The homegrown Australian car industry ends around 100 years of manufacturing today with the official closure of Holden’s plant in Adelaide. Ford’s operation closed last year; Toyota’s earlier this month.
From now on new cars for the Australian market will, like New Zealand, be built and imported from factories in many different countries.
Since it was made known some years ago that the Aussie-built cars would no longer be around after 2017, car fans on both sides of the Tasman have been asking themselves: What’s been the best Australian car? Was it a Ford? Was it a Holden? Perhaps a Nissan, or a Mitsubishi?
The arguments will continue . The motoring guys at the Sydney Morning Herald this morning have had 10 bob each way and listed their 10 best Aussie-made cars. Here’s what they had to say.
Holden VF Commodore
Holden definitely saved the best for last with its latest-generation Commodore, particularly the range-topping V8-powered models that were designed to appeal to muscle car enthusiasts.
The Commodore SS-V Redline is a brilliant machine that oozes character and charm from its thumping 6.2-litre bent eight, but it also handles well, is comfortable, well-built and crammed with the latest in connectivity.
The best of the best is undeniably the HSV GTSR W1, the fastest and most powerful car ever produced in this country.
The death of the Aussie car has largely been blamed on the fact that Holden and Ford continued to build traditional large sedans that were no longer popular enough to keep them profitable.
But that is dismissing the Ford Territory, our only domestic SUV.
The blue oval’s top brass – led by the inspirational Geoff Polites – recognised the rising tide of SUVs and developed a spacious, smart and car-like high-riding wagon that utilised the same underpinnings as the Falcon.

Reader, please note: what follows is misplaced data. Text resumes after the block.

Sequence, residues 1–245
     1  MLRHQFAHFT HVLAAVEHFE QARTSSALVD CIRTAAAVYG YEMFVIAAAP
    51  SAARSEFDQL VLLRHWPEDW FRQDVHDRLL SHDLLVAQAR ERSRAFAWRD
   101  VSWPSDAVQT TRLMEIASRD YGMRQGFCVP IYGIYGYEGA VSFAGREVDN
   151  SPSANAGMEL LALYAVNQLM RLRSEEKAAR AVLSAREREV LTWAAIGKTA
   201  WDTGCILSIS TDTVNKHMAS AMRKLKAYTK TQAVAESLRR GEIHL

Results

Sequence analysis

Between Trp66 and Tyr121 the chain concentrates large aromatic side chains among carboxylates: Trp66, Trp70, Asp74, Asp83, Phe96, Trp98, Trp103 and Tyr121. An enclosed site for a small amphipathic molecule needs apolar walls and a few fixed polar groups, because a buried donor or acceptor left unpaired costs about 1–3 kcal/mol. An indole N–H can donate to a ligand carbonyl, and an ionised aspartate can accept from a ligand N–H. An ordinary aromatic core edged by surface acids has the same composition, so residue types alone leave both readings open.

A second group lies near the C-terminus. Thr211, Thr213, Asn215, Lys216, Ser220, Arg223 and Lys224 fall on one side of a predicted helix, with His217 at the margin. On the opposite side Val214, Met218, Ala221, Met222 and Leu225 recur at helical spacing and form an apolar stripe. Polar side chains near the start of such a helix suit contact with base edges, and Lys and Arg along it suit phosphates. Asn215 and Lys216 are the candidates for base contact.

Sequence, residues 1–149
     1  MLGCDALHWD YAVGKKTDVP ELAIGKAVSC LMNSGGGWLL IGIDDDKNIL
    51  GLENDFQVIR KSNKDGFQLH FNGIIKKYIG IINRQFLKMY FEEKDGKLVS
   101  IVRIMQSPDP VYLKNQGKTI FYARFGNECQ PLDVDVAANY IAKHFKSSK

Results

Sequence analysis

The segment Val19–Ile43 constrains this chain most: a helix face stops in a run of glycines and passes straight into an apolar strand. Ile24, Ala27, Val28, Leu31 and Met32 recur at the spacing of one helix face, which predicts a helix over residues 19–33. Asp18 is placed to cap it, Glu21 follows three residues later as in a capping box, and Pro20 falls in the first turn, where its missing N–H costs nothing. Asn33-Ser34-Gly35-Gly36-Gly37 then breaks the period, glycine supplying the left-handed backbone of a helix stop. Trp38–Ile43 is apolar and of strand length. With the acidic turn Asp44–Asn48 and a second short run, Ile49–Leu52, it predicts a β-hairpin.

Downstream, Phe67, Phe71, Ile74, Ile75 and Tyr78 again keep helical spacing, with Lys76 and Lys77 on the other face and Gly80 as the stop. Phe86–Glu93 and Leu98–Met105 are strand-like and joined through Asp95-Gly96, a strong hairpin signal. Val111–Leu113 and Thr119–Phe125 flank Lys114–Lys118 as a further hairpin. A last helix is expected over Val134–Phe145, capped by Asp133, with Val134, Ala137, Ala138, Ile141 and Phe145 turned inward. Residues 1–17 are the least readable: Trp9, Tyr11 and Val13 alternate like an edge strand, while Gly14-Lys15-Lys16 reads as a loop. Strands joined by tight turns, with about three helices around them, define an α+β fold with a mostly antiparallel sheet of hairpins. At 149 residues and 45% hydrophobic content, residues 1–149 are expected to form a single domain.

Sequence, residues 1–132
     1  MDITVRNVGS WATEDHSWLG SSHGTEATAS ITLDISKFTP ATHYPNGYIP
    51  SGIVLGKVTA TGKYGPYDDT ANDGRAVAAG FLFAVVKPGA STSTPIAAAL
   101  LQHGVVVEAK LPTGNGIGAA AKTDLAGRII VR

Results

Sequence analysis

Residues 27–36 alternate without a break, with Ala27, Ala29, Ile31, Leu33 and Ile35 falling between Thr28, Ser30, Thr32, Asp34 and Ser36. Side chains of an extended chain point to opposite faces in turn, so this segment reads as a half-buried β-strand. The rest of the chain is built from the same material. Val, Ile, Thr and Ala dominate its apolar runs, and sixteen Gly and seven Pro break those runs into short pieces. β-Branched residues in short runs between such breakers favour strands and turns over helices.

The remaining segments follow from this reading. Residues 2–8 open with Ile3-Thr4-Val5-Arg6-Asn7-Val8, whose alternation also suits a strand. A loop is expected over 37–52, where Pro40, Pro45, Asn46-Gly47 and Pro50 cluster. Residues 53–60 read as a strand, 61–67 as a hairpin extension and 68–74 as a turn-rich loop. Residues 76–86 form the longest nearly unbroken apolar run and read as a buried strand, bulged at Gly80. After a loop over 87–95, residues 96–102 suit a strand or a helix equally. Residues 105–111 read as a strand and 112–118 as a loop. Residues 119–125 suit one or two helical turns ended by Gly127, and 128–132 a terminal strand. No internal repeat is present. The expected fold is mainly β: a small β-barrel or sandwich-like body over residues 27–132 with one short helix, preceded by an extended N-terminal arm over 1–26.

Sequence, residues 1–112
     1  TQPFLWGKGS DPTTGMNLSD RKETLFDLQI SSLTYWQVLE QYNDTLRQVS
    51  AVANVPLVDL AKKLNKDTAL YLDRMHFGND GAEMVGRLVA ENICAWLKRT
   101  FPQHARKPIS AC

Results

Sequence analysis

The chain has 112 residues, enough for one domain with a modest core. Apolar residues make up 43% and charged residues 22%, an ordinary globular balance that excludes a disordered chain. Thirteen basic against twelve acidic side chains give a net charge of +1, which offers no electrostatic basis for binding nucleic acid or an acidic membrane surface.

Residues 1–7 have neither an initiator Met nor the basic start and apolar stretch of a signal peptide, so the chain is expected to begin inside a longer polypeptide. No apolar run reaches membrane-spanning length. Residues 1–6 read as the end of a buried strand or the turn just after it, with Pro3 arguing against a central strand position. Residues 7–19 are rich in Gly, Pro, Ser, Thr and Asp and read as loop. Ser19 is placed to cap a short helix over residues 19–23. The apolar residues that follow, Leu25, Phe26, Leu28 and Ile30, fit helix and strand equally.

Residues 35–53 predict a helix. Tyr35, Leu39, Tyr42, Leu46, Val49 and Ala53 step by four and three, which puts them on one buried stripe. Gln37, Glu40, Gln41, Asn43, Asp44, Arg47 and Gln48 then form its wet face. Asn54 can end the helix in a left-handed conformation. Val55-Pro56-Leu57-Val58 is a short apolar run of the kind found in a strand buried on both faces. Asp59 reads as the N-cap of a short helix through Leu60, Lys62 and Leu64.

It was a winner right off the bat, achieving critical acclaim and challenged the Falcon for sales.
Toyota Camry Hybrid
The most advanced Australian car ever built isn’t often seen as being built here, when in fact Toyota has been assembling cars in Australia since the early 1960s and has been the biggest contributor to the industry over the last 20 years with as many cars being exported as they were sold locally.
The Camry Hybrid is the only mainstream petrol-electric machine built in Australia, and has taken over as the car of choice for taxi operators around the country owing to its reliability and fuel economy benefits.
No list like this would be complete without the original Aussie car, the Holden 48-215.
While it was based on a Chevrolet design that was seen as being too small for post-war Americans, the FX (as it became known) was adapted for local conditions with a torquey six-cylinder engine and toughened suspension.
After it was introduced by Prime Minister Ben Chifley, it sold like wildfire and set the foundations for decades of success for the Aussie carmaker.
Ford Falcon GT-HO
If ever there was a car that put Australia on the map, it was the XY Falcon GT-HO Phase III – a race car for the road that was specifically built to win the Bathurst endurance race and, with that, became the fastest four-door car in the world in the 1970s.
Featuring a monstrous 351 cubic inch V8, a stronger gearbox, race-tuned suspension and a beefed-up body, the ‘Hoey’ is the poster child of Aussie muscle cars.
Cashed-up collectors with rose-tinted glasses have elevated prices for pristine, original racers into seven-figure territory while enthusiasts have modified hundreds of lower-grade versions into replica GT-HOs for decades, to the point where more GT-HOs exist today than were ever actually built.